Hi ,

Check out the highlights of day 2 of SynBioBeta 2024 by our writers Gabrielle David, Katia Tarasava, and Kostas Vavitsas.

From Konstantinos Vavitsas:

A common discussion topic among the SynbioBeta “regulars” is how happy they are to be back to SynbioBeta. Nobody could express the sentiment better than Jake Wintermute from Ginkgo in his short address: “This is the place where we can geek out about things nobody knows about,” he said. The enthusiasm and smiling faces filled the main stage for a second day of exciting talks and new opportunities to learn and connect.

Photo Credit: Patrick Power

This morning’s keynote speaker was none other than Sang Yup Lee from the Korea Advanced Institute of Science and Technology (KAIST). He is a synthetic biology and metabolic engineering legend, and he proved it with a fascinating talk about biomanufacturing almost any small molecule imaginable. He took us through a journey from the early days of metabolism manipulation to the recent use of big data models that design strains with minimal human intervention. He highlighted the importance of holistic design that encompasses downstream processing and gave examples of producing difficult, not natural, molecules. The take-home message of the talk is that synthetic biology has the potential to produce all chemicals at an industrial scale when enough resources, talent, and purpose are deployed.

Photo Credit: Patrick Power

Moji Karimi from Cemvita gave his foresight on how synthetic biology and environmental science can join forces and solve planetary challenges. He outlined the factors that will affect the success of tech solutions that go beyond the technology considerations. “Future is not something that happens just because time passes,” he noted. “The future is already here.”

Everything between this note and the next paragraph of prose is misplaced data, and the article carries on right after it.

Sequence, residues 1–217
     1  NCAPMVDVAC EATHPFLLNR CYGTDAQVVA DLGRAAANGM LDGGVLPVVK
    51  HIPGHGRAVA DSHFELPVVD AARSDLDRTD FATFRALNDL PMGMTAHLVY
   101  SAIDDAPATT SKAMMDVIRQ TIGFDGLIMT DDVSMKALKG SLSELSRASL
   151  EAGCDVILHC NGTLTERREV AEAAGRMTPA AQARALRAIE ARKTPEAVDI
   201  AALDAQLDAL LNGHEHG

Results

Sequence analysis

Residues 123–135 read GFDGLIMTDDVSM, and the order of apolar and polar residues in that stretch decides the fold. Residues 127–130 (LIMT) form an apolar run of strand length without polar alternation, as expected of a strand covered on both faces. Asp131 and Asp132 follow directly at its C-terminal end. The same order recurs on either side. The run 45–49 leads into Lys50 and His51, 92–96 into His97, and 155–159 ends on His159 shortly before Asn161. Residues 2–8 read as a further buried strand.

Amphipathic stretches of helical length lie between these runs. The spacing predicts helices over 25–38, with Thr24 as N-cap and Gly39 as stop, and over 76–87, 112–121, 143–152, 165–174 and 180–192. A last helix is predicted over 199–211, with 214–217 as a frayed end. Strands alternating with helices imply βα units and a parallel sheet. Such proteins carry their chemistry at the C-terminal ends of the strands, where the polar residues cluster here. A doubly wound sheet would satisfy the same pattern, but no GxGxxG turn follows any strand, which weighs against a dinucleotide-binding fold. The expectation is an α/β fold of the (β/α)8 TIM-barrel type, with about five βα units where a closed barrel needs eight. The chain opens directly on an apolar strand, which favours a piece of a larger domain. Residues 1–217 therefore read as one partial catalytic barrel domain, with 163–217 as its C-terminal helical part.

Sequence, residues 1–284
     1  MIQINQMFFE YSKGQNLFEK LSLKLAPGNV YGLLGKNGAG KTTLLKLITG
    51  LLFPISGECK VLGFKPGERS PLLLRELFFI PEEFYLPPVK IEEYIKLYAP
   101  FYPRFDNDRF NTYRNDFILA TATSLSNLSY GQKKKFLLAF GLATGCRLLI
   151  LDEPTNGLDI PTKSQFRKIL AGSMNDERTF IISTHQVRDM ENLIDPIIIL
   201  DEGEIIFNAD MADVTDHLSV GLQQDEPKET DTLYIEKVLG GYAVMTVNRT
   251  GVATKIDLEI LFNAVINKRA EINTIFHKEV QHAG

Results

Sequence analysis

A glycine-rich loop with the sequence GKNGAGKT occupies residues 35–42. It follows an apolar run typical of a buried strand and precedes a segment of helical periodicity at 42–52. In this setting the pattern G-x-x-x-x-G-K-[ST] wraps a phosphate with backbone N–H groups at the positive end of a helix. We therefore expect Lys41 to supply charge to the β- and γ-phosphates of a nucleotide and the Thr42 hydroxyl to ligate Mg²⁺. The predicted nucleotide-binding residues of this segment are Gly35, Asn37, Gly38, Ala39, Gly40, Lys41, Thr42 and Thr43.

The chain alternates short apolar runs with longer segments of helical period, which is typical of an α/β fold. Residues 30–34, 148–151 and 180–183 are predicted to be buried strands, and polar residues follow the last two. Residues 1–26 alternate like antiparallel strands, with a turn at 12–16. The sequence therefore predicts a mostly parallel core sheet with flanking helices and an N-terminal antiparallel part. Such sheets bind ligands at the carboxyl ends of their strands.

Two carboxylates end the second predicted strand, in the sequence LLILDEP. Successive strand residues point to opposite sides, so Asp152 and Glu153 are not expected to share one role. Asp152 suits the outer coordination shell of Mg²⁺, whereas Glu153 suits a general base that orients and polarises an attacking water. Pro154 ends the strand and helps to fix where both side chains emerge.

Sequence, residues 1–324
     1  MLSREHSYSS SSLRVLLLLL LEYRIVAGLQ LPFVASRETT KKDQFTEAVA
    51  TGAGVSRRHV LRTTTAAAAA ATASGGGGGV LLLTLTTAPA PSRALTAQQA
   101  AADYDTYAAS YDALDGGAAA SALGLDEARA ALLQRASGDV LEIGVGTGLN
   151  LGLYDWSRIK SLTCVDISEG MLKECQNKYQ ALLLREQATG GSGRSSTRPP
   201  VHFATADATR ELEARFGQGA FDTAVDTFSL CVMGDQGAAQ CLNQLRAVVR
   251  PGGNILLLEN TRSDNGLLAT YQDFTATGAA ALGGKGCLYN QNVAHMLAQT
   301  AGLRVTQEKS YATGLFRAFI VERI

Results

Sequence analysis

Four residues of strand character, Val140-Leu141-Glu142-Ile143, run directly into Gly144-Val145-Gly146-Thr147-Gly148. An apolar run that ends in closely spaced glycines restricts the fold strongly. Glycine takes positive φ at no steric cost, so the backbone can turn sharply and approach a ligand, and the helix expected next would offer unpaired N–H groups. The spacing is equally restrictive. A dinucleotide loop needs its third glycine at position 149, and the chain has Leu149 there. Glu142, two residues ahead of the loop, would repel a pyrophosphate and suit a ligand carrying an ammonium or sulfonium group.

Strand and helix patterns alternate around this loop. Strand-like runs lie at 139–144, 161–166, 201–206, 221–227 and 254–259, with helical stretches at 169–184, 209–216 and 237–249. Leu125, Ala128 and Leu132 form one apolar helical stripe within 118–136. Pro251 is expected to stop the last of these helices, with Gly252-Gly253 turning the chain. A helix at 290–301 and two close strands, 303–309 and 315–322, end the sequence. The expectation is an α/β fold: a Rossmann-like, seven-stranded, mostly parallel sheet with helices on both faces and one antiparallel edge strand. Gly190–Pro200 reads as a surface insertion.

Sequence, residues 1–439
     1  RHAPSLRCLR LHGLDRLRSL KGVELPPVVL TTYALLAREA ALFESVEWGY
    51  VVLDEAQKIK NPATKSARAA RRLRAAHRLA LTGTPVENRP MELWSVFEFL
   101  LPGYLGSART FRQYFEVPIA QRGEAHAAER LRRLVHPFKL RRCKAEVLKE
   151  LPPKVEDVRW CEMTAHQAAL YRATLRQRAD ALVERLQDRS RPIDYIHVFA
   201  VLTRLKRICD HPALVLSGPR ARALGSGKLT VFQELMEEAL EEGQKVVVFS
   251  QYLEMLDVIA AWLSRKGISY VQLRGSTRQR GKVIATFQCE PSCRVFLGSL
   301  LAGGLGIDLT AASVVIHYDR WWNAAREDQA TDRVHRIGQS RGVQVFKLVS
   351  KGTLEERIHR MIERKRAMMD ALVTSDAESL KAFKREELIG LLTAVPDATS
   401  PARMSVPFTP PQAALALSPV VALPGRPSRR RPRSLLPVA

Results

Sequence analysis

SynbioBeta is known as a place where entrepreneurs meet investors and embark on their joint journey for commercial success. The panel on de-risking synbio ventures, moderated by Packy McCormick from Not Boring, was an excellent showcase of what are VC investors currently looking for in the startups they would like to commit to. Ursheet Parikh from Mayfield Fund, Jenny Rooke from Genoa Ventures, Omri Amirav-Drory from NFX, and Brigid O’Brien from RA Capital Management gave a lot of important messages to startups. New ventures cannot ignore the numbers behind their business plan and need to have a path to revenue without relying on government subsidies. They need to identify the clients, and have a defined value proposition, but also see through the eyes of the VCs and their financial goals. They should aim for markets with high-profit margins, prepare their narrative and storytelling, and use every available resource, such as the annual reports of the companies in the fields they are active in.

Photo Credit: Patrick Power

The morning session closed with a fireside chat with Sean McClain from Absci and Charles Roberts from ARK Investment Management on AI and its implementation in drug discovery. The new algorithms give unprecedented capabilities to medical applications and open up truly personalized medicine. McLain brought the example of Absci’s antibody design platform, as opposed to the traditional antibody discovery and isolation. “The technology allowed us to move from finding a needle in a haystack to creating a needle ourselves,” he said. There is optimism that in the near future, clinicians will be able to collect a patient sample, analyze, and generate the optimal therapy for the patients in a seamless, integrated biomedical practice.

Photo Credit: Patrick Power


From Katia Tarasava:

The highlight of this year’s Longevity Track was no doubt the morning session on Ethics, Elixirs, and Enterprises: The Triad of Longevity's Future featuring Vinod Khosla, Founder & Partner at Khosla Ventures and the recipient of this year’s SynBioBeta Lifetime Achievement Award.

Photo Credit: Patrick Power